Non-citizen residents in the United States have many reasons to want to open a bank account. Indeed, it can make it easier to manage money when you have a bank account, especially if your visit to the United States will be of a lengthy duration. Realize, though, that non-citizen residents are required to go into the bank in person; you can’t open an online account if you are not a U.S. citizen.

Before you go down to the bank, it’s a good idea to know what you will need, in order to avoid delays and frustrations. Call the bank to make sure you understand the requirements, since different banks have varying requirements for opening an account. You should also contact the Office of Foreign Assets Control. If your home country is on a list of hostile targets, you won’t be able to open a U.S. bank account.

If your country of residence is cleared, you can proceed. You will likely need at least two forms of picture identification. Often, a passport, driver’s license, visa, or other document is acceptable. Call the bank to find out what is required. You might need to bring proof of your current address as well, including a bill in your name. Calling ahead can ensure that you have what that particular bank requires. Also, be ready to deposit the minimum amount of funds to open the account.

There are always forms to fill out, and you will need to fill them in completely, and then sign them. It can take up to two to five business days for the bank to approve your application and open your account.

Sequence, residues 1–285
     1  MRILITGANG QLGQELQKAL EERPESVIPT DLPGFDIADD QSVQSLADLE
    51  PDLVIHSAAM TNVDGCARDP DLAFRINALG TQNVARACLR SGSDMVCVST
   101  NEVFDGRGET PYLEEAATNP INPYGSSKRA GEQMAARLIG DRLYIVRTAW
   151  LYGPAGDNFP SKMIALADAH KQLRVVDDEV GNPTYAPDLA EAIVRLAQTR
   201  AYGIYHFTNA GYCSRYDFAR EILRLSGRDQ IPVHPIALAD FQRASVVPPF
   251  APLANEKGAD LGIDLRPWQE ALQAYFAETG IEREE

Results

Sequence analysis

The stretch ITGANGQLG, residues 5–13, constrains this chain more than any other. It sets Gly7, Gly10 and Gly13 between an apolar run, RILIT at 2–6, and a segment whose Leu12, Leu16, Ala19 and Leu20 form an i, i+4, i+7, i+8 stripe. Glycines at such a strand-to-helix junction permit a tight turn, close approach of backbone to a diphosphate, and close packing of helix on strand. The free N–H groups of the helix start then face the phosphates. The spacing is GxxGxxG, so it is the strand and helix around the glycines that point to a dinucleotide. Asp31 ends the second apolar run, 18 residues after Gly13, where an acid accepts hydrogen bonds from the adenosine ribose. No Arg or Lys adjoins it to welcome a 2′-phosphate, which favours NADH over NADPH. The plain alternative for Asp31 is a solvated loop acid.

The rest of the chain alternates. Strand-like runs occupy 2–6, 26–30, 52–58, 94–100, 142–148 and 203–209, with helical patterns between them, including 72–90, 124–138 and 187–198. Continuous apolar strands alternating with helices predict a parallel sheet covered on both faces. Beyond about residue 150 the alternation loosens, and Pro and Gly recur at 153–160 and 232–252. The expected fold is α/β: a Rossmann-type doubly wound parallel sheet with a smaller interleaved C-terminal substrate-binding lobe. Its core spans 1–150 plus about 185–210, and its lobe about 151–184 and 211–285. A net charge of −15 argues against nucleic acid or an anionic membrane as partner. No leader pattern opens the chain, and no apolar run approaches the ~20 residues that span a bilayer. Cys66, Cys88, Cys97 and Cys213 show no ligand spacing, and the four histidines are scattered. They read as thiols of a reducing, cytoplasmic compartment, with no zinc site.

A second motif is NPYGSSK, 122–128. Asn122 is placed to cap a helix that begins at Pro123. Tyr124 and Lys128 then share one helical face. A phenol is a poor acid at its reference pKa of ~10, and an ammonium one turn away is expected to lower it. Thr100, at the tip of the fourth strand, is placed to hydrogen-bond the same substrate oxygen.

What If I’m Not Currently in the United States?

Of course, the above only works if you are physically in the United States at the time. If you are not living in the United States, your approach will have to be different. Many non-citizens not currently residing in the United States turn to major international banks. These international banks, such as Bank of America, Chase, and others, have branches around the world. You should be able to open a U.S. dollar account at any of these American banks with branches in various countries.

Additionally, a major bank in your country of residence might offer a U.S. dollar account that can serve your purposes. Many major Canadian, U.K., and European banks offer U.S dollar accounts that make it relatively easy to do your banking and perform business transactions in U.S. dollars. Opening such an account is likely to be easier and faster than trying to jump through all the hoops required since 9/11 to open a bank account in the United States.

Bottom Line

If you want a U.S. bank account, you need to contact your bank of choice to find out exactly what you need to bring in. You should also realize that it might not be possible to open an account, as a non-U.S. citizen, without going to the bank in person. If you can’t make it to the bank in person or you do not qualify for a U.S. bank account, then look at opening a U.S. dollar account with your current bank.